John Lee Crites (1923-2010).
Crites joined The Ohio Academy of Science in 1953 while he was a graduate student. He affiliated with the section on zoology (vice president, 1977-1978), was elected a Fellow (1959), and became a life member (1982). He regularly participated in the Academy's annual meetings by presenting papers. An active member of the organization, Crites served as a judge for student projects in biology and was the Central District representative to the Junior Academy (1956-1962). He provided administrative guidance through his membership on the Council of the Academy (1980-1983) and the Executive Committee (1981-1982). Crites served as Academy president (1981-1982) and presented his presidential address on "Diversity and Commonality" at the organization's 91st annual meeting, 24 April 1982.
Born 10 July 1923 in Wilmington, OH, Crites was the son of Wilfred John and Mildred Jane (Baker) Crites. Young Crites attended the Wilmington public schools, graduating from Wilmington High School (1941). He then entered the University of Idaho; however, military service interrupted his studies. After being discharged from the armed services, he resumed his college education. At UI he earned a B.S. in zoology (1949) and entered graduate school there. His studies focused on parasitology, a field in which he became interested while serving in the Pacific. Crites earned an M.S. in parasitology (1951). His thesis concerned a survey of visceral parasites of the ruffed grouse, Bonasa umbellus Linn., in northern Idaho and was published in part (Bulletin --Idaho Fish and Game Commission 2(3): 24-28. 1951). Crites subsequently matriculated at OSU, where he received a Ph.D. in zoology with an emphasis on parasitology (1956). Under the direction of professor Joseph N. Miller, he wrote his dissertation on the "Studies on the Morphology, Taxonomy, and Life History of Cruzia americana Maplestone, 1930, a Parasitic Nematode of Didelphis marsupialis virginiana" which was published in part (J. Parasitol. 42(1): 68-72. 1956).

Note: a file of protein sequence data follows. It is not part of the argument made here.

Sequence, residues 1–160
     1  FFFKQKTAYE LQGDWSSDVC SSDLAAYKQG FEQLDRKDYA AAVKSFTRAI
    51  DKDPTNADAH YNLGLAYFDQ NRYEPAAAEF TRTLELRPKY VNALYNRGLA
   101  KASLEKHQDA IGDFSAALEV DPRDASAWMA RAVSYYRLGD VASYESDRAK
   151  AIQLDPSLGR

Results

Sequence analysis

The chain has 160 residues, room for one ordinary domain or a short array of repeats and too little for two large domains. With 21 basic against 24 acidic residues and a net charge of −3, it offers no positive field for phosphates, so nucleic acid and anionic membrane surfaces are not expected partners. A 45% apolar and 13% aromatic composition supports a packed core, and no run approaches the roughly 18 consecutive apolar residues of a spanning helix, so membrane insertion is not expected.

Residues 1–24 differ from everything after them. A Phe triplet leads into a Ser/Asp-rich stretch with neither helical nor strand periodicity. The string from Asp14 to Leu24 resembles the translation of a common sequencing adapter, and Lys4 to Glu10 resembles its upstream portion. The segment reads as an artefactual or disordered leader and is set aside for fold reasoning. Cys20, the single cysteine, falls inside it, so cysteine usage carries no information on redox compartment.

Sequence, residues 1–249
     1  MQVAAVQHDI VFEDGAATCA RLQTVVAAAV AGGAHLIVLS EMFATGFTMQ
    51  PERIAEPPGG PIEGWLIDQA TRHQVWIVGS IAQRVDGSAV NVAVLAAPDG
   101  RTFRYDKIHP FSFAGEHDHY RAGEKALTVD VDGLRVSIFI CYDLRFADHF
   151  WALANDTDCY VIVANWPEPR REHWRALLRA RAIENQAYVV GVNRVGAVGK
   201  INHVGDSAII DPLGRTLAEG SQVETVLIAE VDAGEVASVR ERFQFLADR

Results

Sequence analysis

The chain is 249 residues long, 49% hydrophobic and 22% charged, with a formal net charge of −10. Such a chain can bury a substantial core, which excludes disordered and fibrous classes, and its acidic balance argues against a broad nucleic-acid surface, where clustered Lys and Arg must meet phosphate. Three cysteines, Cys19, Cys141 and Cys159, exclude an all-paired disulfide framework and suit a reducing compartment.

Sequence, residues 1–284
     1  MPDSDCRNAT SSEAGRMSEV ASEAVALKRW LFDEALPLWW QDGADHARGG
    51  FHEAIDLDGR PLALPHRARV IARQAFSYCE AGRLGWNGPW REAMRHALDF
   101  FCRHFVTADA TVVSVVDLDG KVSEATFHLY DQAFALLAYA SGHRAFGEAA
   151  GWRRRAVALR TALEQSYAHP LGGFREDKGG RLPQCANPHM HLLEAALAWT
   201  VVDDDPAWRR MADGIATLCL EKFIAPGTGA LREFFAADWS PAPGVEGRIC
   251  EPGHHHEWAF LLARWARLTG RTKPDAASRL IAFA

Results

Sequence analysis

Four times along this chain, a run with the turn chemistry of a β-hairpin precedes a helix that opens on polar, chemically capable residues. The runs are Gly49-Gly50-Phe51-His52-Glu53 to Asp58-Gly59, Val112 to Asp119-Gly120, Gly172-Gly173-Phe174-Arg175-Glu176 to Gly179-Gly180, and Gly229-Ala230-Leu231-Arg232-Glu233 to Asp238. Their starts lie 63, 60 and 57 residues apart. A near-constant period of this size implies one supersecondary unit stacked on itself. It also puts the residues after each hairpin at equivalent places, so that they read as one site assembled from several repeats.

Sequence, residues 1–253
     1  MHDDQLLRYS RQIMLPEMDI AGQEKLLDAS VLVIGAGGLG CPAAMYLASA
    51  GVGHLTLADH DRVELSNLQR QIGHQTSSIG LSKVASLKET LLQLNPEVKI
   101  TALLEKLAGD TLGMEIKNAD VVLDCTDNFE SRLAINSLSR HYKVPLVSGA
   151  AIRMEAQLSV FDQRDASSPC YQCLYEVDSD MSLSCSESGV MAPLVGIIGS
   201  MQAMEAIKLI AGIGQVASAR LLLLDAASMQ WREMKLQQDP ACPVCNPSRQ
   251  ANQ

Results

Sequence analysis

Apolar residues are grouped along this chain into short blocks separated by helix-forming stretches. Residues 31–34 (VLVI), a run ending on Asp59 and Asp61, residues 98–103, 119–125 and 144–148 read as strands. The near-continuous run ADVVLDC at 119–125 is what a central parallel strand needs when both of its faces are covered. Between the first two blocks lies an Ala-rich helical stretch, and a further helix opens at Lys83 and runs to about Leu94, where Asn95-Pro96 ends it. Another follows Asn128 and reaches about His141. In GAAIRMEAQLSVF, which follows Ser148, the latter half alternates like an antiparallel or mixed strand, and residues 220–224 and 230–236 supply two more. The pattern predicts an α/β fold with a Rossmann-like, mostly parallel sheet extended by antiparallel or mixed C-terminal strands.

His early professional positions were: teaching assistant in zoology, anatomy, physiology, and parasitology, UI (1949-1951); assistant (1951) and assistant instructor (1953), both in zoology, OSU. While still working on his doctorate, Crites was appointed instructor in the Department of Zoology (now Department of Evolution, Ecology and Organismal Biology), OSU. There, he advanced in the academic ranks: instructor (1955-1959), assistant professor (1959-1963), associate professor (1963-1967), professor (1967-1990),professor emeritus (beginning 1990). He chaired the department from 1981 to 1990. Crites was a research investigator at the Franz Theodore Stone Laboratory (1956), where he studied the distribution of aquatic nematodes in Lake Erie and their relationship to the fish food chain. He conducted additional research as a National Science Foundation Fellow at Duke University's Marine Biological Laboratory (1958). Early in his career Crites became a consultant to USAID-NSF to plan and direct, on a trial basis, a biology institute at Migarh Muslim University and to assist with an institute at Banaras Hindu University (spring and summer, 1964). He visited several universities and colleges in northern India. The trial institutes were successful, and they were expanded and continued for a number of years. While in India, the U.S. Government asked Crites to visit several organizations that supported programs in parasitology before and after his stint.